It’s a win for citizens and taxpayers
Over a year ago, sharp-eyed researchers from the Tea Party in Northern Kentucky raised serious questions about the continued need for the Northern Kentucky Area Planning Commission (NKAPC). This zoning and planning commission appears redundant in the one remaining county it now serves and there are even questions about the legality of its continuing operation as a separate, taxing agency.
Based on what it found, the Tea Party launched an effort in accordance with state law to place a voter recall item of the NKAPC on the Kenton County election ballot.
The Tea Party along with Northern Kentucky area contractors, who also felt the NKAPC had outlived its usefulness, began collecting the thousands of signatures needed – more than 19,000 Kenton County residents needed to sign – to place the recall on the ballot.
Collection of so many signatures, one quarter of all the votes cast in the last presidential election, was a daunting task. So the contractors brought in a commercial canvassing firm, AZ Petition Partners, to help.
Collection was made more difficult when several signature collectors reportedly were harassed by local law enforcement at the instigation of the Kenton County Attorney, Gary Edmonson.
Despite the challenges, Kenton County Clerk Gabrielle Summe was eventually presented with over 24,000 signatures from citizens requesting an NKAPC recall item on the next ballot. It looked like significant signature overkill, but never count out politics.
Clerk Summe eventually ruled thousands of the signatures were invalid, so many that too few valid ones remained to place the issue on the ballot. That triggered a lawsuit from the outraged Tea Party, which is still in court over this extremely contentious clerk action.
However, that wasn’t all the legal activity involved. A second lawsuit was also filed. This one was filed by Kenton County Attorney Gary Edmondson. He charged the Petition Partners firm and independent contractors who supported it with racketeering under the federal Racketeer Influenced and Corrupt Organizations Act (RICO) for collecting fraudulent signatures. Although only the commercial firm and its contractors were named in the suit, many Tea Party members also felt threatened. After all, if the commercial firm were found guilty, might Edmondson then place Tea Partiers to his litigious sights?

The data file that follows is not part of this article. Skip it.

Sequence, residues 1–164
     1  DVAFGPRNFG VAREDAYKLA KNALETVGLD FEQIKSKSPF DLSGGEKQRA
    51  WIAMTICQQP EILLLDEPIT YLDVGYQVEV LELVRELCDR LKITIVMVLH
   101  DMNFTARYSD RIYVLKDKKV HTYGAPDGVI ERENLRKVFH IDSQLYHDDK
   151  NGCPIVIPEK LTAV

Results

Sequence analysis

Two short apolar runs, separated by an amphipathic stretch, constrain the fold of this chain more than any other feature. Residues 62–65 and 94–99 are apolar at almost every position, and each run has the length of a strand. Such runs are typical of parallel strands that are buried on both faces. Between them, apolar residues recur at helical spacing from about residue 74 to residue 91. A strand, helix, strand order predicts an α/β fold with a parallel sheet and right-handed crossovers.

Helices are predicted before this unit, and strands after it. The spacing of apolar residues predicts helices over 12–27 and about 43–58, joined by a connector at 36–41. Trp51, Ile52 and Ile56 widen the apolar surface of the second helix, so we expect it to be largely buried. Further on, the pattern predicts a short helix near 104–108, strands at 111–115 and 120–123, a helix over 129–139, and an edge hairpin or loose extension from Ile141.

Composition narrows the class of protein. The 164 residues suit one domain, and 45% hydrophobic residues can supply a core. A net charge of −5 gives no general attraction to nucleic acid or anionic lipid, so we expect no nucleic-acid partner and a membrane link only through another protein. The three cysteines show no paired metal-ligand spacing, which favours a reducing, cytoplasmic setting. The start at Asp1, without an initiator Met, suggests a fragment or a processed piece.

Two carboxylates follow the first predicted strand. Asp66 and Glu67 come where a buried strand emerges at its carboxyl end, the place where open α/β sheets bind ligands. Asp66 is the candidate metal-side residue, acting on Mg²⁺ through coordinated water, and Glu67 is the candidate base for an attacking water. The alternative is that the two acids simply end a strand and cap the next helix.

On August 22, 2012, US District Judge David L. Bunning of the US District Court in Covington rendered his verdict. He found in favor of Petition Partners. The Edmondson suit was dismissed with prejudice, which may block Edmonson from bringing the same lawsuit against Petition Partners again.
The NKAPC originally was created to act as a coordinated zoning and planning agency for multiple Northern Kentucky counties, mainly Boone, Kenton and Campbell. The state law that allowed NKAPC’s creation stipulated that at least two counties had to be members and the area served had to include at least one city with at least 50,000 population.
The NKAPC was to be governed by a board appointed by the elected officials in the counties served. NKAPC was also granted self-taxing authority even though it and its governing board were not directly elected by the public. That created an organization with very little taxpayer accountability. Still, such an arrangement made some sense, so long as multiple counties were involved.
However, Boone County never joined the NKAPC. Then, years ago, Campbell also dropped out. In addition, the population in Kenton County’s largest city, Covington, has dropped well below the 50,000 figure.
That leaves the NKAPC with dubious authority over just one county, Kenton, which also has its own planning commission (albeit presently mostly a shell office).
No accountability leads to inefficiency
Thanks to a large measure of insulation from the taxpayer, the NKAPC budget has grown out of line with the costs of its corresponding agency in Boone County. As Jim Waters, now president of the Bluegrass Institute, pointed out in a Bluegrass Beacon article:
“Kenton County’s planning budget is $4.8 million, while Boone County gets by on $1.6 million. Planning costs each Kenton County resident $30.39 per year; Boone County residents pay only $13.75.”
Waters’ article also points to the serious inefficiency in the NKAPC compared to Boone County:
“The Boone County Planning Commission staff of 15 handles 300 percent more work than the area planning staff of 42 strong – with their Cadillac benefit packages.”
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